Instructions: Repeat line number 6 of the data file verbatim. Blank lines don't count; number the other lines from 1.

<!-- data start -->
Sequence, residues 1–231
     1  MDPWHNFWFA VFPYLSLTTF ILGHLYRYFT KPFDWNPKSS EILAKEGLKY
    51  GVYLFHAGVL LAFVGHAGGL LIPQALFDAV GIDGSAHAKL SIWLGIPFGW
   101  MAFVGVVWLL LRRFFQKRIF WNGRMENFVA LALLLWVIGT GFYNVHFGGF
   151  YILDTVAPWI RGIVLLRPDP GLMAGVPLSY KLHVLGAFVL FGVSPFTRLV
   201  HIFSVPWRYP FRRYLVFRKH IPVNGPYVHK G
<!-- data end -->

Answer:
   201  HIFSVPWRYP FRRYLVFRKH IPVNGPYVHK G